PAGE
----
PwC conflict of interest over transparency initiative
Several development aid agencies have called on the European Commission to oust auditors Price Waterhouse Coopers (PwC) from an impact study on country by country reporting of profits for EU banks, saying the company had lobbied against the legislation and therefore had a conflict of interest.
Despite having lobbied against the transparency initiative, PwC was employed to assess the economic consequences of making public data from banks regarding their turnover, staff numbers, taxes paid and subsidies received in each country they operate in. PwC saw off competition from two other tenders in June 2014 to win the contract, which was worth €395,000.
The company told a recent OECD consultation on the issue it wanted “a more stringent confidentiality regime” and called for “real sanctions for countries that violate confidentiality provisions.”
The firm was also employed by large European banks, which had raised concerns over conflicts of interest from members of the European Parliament. The Commission said the contract with PwC had clear provision to avoid any such conflicts.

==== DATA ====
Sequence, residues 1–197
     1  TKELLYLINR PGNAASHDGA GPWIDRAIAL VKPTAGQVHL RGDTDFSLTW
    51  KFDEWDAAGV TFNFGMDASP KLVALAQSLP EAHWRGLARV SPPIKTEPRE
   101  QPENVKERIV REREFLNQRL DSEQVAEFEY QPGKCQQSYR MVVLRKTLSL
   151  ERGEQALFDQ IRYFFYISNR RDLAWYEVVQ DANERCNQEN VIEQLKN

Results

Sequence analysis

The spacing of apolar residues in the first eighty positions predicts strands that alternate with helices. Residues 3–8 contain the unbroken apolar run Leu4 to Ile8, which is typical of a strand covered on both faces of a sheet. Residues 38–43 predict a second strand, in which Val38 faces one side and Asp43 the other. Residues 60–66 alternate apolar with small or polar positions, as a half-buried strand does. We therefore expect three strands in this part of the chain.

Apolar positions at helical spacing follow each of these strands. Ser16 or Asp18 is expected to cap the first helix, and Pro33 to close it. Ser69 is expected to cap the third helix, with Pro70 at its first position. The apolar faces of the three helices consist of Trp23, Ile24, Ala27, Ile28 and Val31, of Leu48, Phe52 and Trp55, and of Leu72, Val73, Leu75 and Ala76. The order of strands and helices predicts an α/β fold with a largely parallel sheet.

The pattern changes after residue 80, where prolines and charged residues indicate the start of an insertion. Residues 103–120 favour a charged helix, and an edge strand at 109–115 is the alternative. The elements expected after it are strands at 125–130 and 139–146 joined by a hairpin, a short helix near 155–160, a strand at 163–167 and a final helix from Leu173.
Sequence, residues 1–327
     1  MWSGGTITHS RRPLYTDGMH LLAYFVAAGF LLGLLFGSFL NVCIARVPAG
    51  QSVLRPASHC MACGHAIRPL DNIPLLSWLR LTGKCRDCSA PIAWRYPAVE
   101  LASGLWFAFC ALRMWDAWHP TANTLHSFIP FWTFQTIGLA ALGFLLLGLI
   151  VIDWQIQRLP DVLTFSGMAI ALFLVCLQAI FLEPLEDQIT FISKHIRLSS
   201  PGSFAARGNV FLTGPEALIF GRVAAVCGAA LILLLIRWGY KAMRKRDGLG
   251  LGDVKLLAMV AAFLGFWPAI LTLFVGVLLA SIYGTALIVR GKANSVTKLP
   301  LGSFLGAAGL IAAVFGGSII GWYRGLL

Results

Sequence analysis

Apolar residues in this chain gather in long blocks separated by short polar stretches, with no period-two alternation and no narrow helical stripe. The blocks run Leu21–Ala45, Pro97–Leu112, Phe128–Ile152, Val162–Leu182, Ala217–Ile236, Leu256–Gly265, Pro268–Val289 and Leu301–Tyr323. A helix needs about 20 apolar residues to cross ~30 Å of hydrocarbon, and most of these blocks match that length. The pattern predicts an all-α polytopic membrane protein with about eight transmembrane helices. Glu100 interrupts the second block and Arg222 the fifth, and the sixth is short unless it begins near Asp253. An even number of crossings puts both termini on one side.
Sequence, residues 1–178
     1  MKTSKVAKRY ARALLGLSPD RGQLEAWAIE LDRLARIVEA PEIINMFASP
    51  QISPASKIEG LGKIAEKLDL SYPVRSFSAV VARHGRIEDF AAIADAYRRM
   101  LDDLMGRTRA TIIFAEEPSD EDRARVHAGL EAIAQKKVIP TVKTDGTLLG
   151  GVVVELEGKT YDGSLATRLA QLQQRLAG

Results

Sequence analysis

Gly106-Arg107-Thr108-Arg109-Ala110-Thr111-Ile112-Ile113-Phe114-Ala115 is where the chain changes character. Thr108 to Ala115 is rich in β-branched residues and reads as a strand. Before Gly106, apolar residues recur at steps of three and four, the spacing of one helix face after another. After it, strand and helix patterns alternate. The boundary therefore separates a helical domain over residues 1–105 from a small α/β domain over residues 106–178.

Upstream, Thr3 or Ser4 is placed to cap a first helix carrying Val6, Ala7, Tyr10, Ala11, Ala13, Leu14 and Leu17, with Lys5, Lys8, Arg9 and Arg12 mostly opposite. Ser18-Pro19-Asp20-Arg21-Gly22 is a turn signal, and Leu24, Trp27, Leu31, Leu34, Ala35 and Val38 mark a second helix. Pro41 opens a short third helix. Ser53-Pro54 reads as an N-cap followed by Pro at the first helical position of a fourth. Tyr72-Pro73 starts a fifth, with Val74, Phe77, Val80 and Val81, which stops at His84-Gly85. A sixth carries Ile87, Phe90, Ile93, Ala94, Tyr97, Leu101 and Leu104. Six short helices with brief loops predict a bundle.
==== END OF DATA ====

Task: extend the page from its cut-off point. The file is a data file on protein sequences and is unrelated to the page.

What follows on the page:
The European Network on Debt and Development (Eurodad) wrote to Internal Market Commissioner Michel Barnier, urging him to sack PwC. The letter was sent on 2nd July 2014 on behalf of 32 civil society organisations, including Oxfam, Christian Aid, the Tax Justice Network and Action Aid.
The European Greens had also written to Barnier about PwC's potential conflict of interest in carrying out the impact assessment study. Belgian Green Philippe Lamberts and Germany's Sven Gielgold argued last week that because PwC was employed as an auditor for big European banks such as Barclays and Commerzbank, it shouldn't have been given the job by the Commission.
Public country by country reporting for EU banks was part of the fourth Capital Requirements Directive. From 2015, this information should be made public, unless there are significant economic disadvantages to its publication. In that case, the Commission can delay publication.
Civil society organisations argue the information is vital to fight corporate tax dodging and must be public.
Tove Maria Ryding, tax coordinator for Eurodad, said, “PwC has shown itself as a hardline opponent of public country by country reporting, but at the same time the company holds itself up to be a neutral and unbiased assessor.
“The company clearly faces an impossible conflict of interest and will not be able to deliver a credible impact assessment. We have urged the European Commission to terminate the contract with PwC and either find a neutral institution to do the impact assessment, or simply do the work themselves.”
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